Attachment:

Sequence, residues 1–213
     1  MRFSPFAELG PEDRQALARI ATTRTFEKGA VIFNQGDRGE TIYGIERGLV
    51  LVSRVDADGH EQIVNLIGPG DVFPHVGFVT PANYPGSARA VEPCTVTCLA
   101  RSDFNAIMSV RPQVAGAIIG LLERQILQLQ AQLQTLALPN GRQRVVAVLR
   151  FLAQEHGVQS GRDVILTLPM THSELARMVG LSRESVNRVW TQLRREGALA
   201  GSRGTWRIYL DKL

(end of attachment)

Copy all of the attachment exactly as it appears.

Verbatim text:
Sequence, residues 1–213
     1  MRFSPFAELG PEDRQALARI ATTRTFEKGA VIFNQGDRGE TIYGIERGLV
    51  LVSRVDADGH EQIVNLIGPG DVFPHVGFVT PANYPGSARA VEPCTVTCLA
   101  RSDFNAIMSV RPQVAGAIIG LLERQILQLQ AQLQTLALPN GRQRVVAVLR
   151  FLAQEHGVQS GRDVILTLPM THSELARMVG LSRESVNRVW TQLRREGALA
   201  GSRGTWRIYL DKL